Doctor gets jail time for online, out-of-state prescribing

The decision could give prosecutors broader reach in pursuing criminal charges in such cases.

By — Posted June 1, 2009

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In a case that could have ramifications for online prescribing, a Colorado physician was sentenced to nine months in jail for prescribing an antidepressant over the Internet to a California teenager who later committed suicide.

San Mateo County prosecutors charged psychiatrist Christian Hageseth III, MD, of Fort Collins, Colo., with a single felony count of practicing medicine without a valid California license.

The case, believed to be the first of its kind to cross state lines, could set a dangerous precedent, said Carleton L. Briggs, Dr. Hageseth's attorney. "This will destroy telemedicine nationwide, because no one would dare practice telemedicine without being licensed in all 50 states," for fear of criminal charges, he said.

San Mateo County Deputy District Attorney Jennifer Ow said her office followed up on an investigation of Dr. Hageseth's conduct by the Medical Board of California, which referred the case to county authorities for criminal prosecution. "The board has in place ways to legally practice telemedicine, and he wasn't doing that," Ow said.

She said Dr. Hageseth was not licensed in California when he prescribed fluoxetine to 19-year-old John McKay through an Internet pharmacy. There was no face-to-face evaluation nor an established patient-physician relationship.

Dr. Hageseth pleaded no contest to the charges, and is serving the sentence in Colorado. He also was ordered to pay $4,000 to reimburse the Medical Board of California for investigation costs.

But Briggs said the issue did not rise to the level of criminal charges. He also challenged what he said was a novel tactic by county authorities to prosecute Dr. Hageseth out of state.

The April sentencing stemmed from a May 2007 California Court of Appeals ruling, in which judges allowed authorities to cross state lines to pursue criminal charges against Dr. Hageseth. Judges concluded that, although Dr. Hageseth was not in California, he "could reasonably foresee that his act would produce, and he did produce, the detrimental effect [state law] was designed to prevent," that is, practicing without a California medical license.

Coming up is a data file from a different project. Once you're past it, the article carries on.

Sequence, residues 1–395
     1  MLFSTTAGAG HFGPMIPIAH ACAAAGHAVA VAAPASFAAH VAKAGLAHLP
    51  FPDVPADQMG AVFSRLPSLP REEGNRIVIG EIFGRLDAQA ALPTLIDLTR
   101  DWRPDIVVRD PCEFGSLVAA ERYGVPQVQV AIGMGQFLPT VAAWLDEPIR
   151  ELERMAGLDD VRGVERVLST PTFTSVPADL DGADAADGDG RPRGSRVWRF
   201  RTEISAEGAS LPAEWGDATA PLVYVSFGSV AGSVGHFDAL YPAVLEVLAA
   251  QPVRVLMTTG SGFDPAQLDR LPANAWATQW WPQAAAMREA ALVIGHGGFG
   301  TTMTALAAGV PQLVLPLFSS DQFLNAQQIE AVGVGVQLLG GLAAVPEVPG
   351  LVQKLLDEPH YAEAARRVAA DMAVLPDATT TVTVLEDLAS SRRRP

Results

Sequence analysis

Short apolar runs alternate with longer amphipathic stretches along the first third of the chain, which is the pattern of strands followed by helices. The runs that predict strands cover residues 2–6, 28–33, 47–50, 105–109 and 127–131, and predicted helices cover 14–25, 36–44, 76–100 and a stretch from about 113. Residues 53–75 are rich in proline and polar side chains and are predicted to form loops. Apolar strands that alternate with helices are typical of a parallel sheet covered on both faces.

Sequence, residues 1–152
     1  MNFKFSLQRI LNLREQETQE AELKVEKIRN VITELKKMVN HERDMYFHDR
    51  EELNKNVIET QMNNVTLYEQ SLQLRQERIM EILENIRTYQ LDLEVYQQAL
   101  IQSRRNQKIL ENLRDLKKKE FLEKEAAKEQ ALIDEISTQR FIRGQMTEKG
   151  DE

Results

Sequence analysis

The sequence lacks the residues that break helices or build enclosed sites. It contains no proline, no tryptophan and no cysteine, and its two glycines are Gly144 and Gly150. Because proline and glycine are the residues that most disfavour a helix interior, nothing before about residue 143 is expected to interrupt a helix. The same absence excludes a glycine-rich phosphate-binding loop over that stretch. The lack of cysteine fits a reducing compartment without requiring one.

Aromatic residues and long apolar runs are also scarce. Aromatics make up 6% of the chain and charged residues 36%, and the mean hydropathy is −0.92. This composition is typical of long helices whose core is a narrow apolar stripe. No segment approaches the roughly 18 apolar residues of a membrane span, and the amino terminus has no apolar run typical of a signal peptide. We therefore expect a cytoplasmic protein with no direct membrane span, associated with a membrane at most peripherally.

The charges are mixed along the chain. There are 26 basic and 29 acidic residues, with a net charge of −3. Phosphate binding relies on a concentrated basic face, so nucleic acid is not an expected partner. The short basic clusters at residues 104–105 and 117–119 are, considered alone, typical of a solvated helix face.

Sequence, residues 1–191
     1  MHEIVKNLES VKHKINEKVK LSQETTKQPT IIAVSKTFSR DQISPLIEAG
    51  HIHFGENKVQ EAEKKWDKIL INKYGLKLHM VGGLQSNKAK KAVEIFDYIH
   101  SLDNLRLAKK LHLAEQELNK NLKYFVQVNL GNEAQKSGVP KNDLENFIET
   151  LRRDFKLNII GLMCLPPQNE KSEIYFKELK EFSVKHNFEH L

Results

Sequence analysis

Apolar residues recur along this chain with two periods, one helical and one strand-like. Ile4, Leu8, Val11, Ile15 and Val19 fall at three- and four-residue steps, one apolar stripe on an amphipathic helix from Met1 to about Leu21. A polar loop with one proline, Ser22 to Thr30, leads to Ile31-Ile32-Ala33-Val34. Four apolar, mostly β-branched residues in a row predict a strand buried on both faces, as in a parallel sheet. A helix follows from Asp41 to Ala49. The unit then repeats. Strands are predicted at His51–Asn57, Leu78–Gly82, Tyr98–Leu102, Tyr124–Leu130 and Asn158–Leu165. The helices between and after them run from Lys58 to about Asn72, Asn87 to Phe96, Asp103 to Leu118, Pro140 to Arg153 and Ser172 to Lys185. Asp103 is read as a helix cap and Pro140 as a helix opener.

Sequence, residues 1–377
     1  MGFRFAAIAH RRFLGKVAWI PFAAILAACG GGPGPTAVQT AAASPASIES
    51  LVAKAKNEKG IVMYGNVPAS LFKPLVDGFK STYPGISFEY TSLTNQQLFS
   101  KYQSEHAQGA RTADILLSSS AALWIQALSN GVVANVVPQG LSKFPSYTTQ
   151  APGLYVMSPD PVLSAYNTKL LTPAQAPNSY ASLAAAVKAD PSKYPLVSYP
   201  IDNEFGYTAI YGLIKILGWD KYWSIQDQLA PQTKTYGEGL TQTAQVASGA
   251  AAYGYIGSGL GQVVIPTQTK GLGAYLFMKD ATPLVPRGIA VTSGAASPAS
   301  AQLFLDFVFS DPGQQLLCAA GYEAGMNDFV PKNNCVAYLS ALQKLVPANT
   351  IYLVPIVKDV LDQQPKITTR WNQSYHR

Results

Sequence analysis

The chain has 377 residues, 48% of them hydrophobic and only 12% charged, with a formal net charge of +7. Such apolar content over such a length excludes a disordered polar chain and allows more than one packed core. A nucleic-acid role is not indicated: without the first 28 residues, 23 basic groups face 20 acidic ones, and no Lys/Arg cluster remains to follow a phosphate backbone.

But that interpretation required proof that Dr. Hageseth intended harm, a factor the court and county prosecutors ignored, Briggs said. He also said Dr. Hageseth had a valid Colorado license, and in September 2007, the U.S. District Court for the Northern District of California found that the antidepressant played no role in McKay's death and dismissed a civil action brought by the boy's parents.

Dr. Hageseth did not deny prescribing the antidepressant over the Internet without an in-person evaluation and cooperated with state authorities, Briggs said. "But they didn't charge him with a civil violation. Instead, they reinterpreted a criminal statute to make this a crime," he said. If other states follow suit, "the danger is you're going to have 50 inconsistent sets of regulation such that telemedicine is simply chilled."

AMA policy requires that physicians who prescribe via the Internet have a valid relationship with the patient -- including having taken a medical history, performed a physical exam and being available for follow-up -- and appropriate licensure. The AMA also supports creation of uniform state and federal rules for online prescribing.

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